As Mihret grows into a young woman, she may wrestle with ever-changing emotions, with all that's sweet and bitter about life after adoption.

We — all of her family — are her constants. And her Mama Delame will always be with her, wherever she goes.

-By Kara Patterson, Post-Crescent staff writer

Saturday, May 16, 2009

Random Photo Gallery

Mihret's teachers at day care school helped her make this precious, personalized vase and "flower bouquet" for me for Mother's Day. The felt flowers are her hand outlines and the flowers on the vase are her thumbprints.

This time, I remembered to raise the blinds so our Africa/Ethiopia stained-glass suncatcher, handmade by our cousin Hanni, is visible too!

This girl has hair! Konjo (Amharic: beautiful) hair! She is ready for the big-time braids.

Mihret sitting and "copying" Auntie Rachel, a dear friend of ours.

Our peanut - the girl of many facial expressions. I love this one, for some reason.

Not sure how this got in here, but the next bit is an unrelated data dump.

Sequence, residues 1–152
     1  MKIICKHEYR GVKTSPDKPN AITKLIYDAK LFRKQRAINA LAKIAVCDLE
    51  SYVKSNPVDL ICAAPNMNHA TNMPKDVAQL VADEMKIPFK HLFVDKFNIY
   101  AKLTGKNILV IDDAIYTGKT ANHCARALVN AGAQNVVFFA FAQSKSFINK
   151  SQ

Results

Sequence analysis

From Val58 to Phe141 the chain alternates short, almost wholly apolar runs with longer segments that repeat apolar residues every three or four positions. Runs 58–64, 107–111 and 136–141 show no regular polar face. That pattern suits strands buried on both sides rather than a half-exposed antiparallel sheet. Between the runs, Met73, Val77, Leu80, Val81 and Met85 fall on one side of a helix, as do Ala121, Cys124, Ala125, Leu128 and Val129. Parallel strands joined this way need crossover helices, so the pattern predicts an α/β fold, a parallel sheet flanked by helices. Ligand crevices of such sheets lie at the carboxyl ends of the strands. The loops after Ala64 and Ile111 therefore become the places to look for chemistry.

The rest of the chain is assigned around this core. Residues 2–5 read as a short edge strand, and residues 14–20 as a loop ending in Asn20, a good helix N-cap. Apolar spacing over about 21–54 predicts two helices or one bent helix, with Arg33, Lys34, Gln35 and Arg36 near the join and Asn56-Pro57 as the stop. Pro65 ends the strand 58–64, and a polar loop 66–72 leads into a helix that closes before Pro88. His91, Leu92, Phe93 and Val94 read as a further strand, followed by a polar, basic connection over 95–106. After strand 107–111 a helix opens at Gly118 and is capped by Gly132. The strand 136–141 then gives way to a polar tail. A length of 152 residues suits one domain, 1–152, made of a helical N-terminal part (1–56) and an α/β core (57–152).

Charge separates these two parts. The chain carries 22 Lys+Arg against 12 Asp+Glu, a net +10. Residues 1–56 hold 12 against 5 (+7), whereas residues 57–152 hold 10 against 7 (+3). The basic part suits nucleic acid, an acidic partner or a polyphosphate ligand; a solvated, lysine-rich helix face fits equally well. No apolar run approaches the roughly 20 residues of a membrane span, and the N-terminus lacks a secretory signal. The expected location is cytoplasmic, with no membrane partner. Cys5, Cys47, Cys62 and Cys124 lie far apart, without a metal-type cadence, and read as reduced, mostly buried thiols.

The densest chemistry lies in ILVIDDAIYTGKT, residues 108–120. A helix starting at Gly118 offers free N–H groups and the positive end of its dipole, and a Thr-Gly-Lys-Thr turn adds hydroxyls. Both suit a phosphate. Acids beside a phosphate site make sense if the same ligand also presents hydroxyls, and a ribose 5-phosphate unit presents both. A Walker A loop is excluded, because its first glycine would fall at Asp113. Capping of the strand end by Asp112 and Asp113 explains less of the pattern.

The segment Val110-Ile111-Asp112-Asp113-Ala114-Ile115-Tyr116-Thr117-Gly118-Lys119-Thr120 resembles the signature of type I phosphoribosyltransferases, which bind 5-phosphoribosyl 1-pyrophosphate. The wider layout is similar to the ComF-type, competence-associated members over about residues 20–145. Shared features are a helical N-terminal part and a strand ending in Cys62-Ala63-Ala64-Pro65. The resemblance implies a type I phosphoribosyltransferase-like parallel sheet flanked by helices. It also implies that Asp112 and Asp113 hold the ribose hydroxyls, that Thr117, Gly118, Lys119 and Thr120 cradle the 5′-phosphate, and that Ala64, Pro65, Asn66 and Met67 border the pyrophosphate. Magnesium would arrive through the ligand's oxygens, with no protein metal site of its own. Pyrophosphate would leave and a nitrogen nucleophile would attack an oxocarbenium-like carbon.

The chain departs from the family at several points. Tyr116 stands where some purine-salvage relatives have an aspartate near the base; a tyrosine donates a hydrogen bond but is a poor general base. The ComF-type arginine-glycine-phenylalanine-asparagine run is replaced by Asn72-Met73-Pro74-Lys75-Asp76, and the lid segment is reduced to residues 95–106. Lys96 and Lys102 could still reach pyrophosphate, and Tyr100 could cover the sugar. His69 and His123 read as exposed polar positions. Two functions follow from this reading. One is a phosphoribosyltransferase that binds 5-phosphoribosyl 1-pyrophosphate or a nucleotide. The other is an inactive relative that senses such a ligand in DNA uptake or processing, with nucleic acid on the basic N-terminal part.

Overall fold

Two new family photos on Mother's Day. (We were visiting Great-Grandma Peg and Great-Grandpa David in Oshkosh.)

Mihret pays homage to the new Star Trek movie, which we (Kara, a hard-core Trekkie, and Josh, a semi-Trekkie) are planning to see next week. Maybe Mihret will watch it in a decade or so.

Saturday, May 2, 2009

Saturday, How I Love Thee

Saturdays are great fun at our house for many reasons, but one of the biggest of those is that we're (usually) together, all three of us, for big chunks of the day.
After a week of talking with lots of people and writing lots of stories (me), talking with lots of people, writing some freelance pieces and networking with people on the job search trail (Josh), and hanging out with cool teachers and tiny peanut friends (Mihret), we're all ready for weekend togetherness-time.
Mihret is juggling a lot of milestones at the moment, and we're trying to figure out the best way to handle them all without being either lax or pushy. The parenting dilemma that transcends ages.